ESTHER PHILLIPS / “Esther Phillips Mixtape”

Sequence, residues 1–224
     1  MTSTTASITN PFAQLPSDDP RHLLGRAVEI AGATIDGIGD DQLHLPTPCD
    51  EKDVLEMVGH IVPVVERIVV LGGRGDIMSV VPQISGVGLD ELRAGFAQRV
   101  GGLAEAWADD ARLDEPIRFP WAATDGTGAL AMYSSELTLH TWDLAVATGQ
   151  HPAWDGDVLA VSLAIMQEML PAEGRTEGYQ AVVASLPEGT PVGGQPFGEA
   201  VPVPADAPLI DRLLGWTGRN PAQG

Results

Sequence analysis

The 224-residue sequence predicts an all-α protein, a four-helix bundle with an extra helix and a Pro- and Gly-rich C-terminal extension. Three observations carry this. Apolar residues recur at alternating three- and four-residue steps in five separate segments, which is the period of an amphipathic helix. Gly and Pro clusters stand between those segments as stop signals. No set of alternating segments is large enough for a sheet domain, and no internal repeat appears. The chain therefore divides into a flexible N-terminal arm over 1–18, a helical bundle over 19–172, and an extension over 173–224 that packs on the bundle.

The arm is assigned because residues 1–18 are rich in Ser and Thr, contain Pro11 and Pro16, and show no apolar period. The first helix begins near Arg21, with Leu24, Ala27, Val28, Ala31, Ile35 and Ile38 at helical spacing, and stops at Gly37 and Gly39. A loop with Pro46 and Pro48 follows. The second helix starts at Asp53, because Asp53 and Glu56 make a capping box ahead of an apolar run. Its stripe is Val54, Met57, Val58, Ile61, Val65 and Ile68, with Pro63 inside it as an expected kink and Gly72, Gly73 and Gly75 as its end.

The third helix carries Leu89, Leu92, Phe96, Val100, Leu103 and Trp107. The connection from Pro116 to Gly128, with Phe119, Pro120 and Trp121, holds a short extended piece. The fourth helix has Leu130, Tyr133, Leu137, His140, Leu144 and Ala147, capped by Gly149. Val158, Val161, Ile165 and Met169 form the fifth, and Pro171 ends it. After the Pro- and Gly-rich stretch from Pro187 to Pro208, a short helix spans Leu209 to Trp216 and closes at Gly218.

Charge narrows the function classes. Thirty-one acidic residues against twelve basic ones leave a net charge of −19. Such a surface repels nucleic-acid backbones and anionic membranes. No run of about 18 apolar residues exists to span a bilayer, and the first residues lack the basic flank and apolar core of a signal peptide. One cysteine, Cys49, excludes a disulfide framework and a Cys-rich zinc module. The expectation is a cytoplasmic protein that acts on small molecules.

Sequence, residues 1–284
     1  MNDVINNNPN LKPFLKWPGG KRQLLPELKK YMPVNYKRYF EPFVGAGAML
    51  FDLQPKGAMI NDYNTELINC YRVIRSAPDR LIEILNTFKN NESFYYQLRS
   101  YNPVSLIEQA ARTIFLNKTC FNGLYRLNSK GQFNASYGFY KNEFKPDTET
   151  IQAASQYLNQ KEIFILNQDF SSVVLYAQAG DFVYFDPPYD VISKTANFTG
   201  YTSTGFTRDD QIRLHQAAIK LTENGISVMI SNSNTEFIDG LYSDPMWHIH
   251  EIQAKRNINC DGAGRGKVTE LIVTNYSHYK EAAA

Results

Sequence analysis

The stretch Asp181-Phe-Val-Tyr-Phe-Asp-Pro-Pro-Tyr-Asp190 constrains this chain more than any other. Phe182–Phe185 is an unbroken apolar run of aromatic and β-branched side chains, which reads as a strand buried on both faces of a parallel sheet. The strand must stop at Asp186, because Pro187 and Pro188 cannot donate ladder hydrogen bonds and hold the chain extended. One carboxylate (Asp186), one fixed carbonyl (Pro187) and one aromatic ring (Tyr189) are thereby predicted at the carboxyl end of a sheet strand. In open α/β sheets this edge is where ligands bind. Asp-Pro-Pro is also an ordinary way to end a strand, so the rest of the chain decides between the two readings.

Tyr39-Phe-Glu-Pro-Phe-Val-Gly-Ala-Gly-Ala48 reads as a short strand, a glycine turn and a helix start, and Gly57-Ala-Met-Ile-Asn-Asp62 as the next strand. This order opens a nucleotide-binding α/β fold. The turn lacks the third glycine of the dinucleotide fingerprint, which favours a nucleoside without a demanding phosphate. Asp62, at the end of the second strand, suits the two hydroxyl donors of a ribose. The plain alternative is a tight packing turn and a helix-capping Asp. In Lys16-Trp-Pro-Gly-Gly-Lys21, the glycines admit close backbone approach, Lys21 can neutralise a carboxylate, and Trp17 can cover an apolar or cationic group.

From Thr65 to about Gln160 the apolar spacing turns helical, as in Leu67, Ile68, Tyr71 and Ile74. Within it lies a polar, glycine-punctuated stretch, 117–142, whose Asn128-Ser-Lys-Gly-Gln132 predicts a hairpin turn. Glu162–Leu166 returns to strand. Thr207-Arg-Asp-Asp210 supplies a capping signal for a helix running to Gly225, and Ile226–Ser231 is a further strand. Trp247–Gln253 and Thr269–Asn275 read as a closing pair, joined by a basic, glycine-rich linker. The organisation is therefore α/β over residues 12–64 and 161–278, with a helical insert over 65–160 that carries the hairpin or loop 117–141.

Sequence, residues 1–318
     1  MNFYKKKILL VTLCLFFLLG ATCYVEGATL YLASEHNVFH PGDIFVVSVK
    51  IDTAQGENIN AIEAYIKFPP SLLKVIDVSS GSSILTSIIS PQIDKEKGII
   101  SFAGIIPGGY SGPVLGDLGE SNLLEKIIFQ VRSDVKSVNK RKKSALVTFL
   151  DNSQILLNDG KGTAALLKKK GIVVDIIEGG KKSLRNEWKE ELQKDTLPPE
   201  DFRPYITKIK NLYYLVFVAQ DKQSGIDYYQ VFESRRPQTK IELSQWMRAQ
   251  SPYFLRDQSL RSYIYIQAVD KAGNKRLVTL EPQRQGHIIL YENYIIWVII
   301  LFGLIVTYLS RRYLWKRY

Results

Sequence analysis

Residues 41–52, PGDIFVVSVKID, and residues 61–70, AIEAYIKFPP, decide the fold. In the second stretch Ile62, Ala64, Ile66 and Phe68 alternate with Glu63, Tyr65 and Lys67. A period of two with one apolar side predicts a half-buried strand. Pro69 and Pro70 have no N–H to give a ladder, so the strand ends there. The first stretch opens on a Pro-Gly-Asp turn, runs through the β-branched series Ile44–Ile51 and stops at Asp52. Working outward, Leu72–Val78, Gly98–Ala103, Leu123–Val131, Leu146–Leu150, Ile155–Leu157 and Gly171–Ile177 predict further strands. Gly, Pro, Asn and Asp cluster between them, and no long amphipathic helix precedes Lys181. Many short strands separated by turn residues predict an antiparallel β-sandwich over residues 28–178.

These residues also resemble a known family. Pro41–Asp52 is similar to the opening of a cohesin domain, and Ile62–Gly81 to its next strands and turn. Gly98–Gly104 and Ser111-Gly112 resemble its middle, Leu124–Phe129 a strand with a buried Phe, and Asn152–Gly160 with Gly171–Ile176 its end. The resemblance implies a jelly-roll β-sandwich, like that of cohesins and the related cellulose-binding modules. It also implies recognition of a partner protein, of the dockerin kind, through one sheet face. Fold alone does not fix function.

We owe a lot to a junkie. Especially those of us who either don’t know, or more likely don’t care to know the human cost of this gift of music we so deeply enjoy. You think such a profound voice achieves those higher heights without hard climbing? A while back (three years ago) we spotlighted an Esther Phillips song on BoL and we said at that time that we would present more of her music at a later time. Well, the later time is now. Esther Phillips died at 48. Liver and kidney failure. Essentially her body gave up and gave out. It’s easy to say the drugs and alcohol are responsible, and if she were the only one, or one of only a few in that shape, that diagnosis would be acceptable. But literally millions of people in this society are junkies. What drives so many of us to drugs? What we need to realize is that Esther Phillips the junkie was a lot like most of us. However, Esther Phillips the artist was what most of us are not brave enough to be. How many of us would lay everything on the line to create art which will be consumed by others? Esther couldn’t eat her art. It didn’t shelter her or even put clothes on her back. The entertainment aspects of her art did that. Yes, she made money from her early string of hits in the fifties when she was a teenager. But from then on her life was a roller coaster of pain and pleasure, ups and downs of rewards and punishments. She had hit records but also got cut from record companies. Regardless of the ins and outs that she weathered, Esther always sang like her life depended on a song. She sang old songs. She sang new songs. She could spit blues like a delta blues man or sing the shit out of a Beatles song. Esther Phillips. Last of the red hots. Daughter of Dinah (Washington). Esther—she of the cutting voice: high, sharp, with a quiver that moved you. You could just tell from the way she sang that she knew more about living than did most of the bodies to whom she sang. Esther Phillips. She had the temperament of one of those attractive women who carries a pearl-handled straight razor; she was nothing to fuck with capriciously. But its hard on your tender parts to always be tough. It catches up with you—the weight is so heavy. As I listen to the mixtape for the umpteenth time, I marvel anew at the way she handles up on some of those songs. And, man, that “Stormy Weather” sounds like the aftermath of a direct hit by a category five hurricane. She just plain wipes you out with her interpretation. Neither you nor I have ever heard that old song done like that. That story she puts on the beginning is not something you make up for a recording session, rather that tale is truth telling done on the occasion of a recording session. Yes, the background voices are smooth but Esther’s lead is rough, tough and too much. Esther could do it all, one of the last truly versatile singers: jazz, no problem; blues, that’s the hand she fan with; R&B, gimme a backbeat! And if you want to go country, let’s go. On “Georgia Rose” she delivers a Gil Scott-Heron lyric like she owns it. Indeed, the penultimate song, “Home Is Where The Hatred Is,” another Gil composition, is also delivered with the deep authenticity of autobiography. I have always believed that the blues were political, the themes of the lyrics notwithstanding. Check out the quartet of songs concluding this mixtape. These songs are as political as popular American music gets. We owe a lot to Esther Phillips and I’m not talking about fame or fortune. I’m talking about respect and gratitude. She paid the cost to make this music, to give us something to listen to and be uplifted by in the process. Esther Phillips, the junkie, not much different from the people we ignore everyday in our neighborhoods and on the streets of our nation. Esther Phillips. The least we can do is remember her and celebrate the gift of music she gave to us. I don’t feel like writing anymore… —Kalamu ya Salaam Esther Phillips Mixtape Playlist 01 “All The Way Down” - Anthology 02 “I Don't Want To Do Wrong” - Alone Again Naturally 03 “Use Me” – Anthology 04 “Going Out Of My Head” - For All We Know 05 “There You Go Again/Stormy Weather” - Anthology 06 “Black Eyed Blues” - Anthology 07 “Let Me In Your Life” - Alone Again Naturally 08 “A Beautiful Friendship” - From A Whisper To A Scream 09 “Baby, I'm For Real” - From A Whisper To A Scream 10 “And I Love Him” - Burnin'/Confessin The Blues 11 “Makin' Whoopee” - Burnin'/Confessin The Blues 12 “I Love Paris” - Burnin'/Confessin The Blues 13 “Bye Bye Blackbird” - Burnin'/Confessin The Blues 14 “God Bless The Child” - Home Is Where The Hatred Is 15 “From A Whisper to A Scream” - Anthology 16 “Home is Where The Hatred is” - Anthology 17 “Georgia Rose” - Alone Again Naturally
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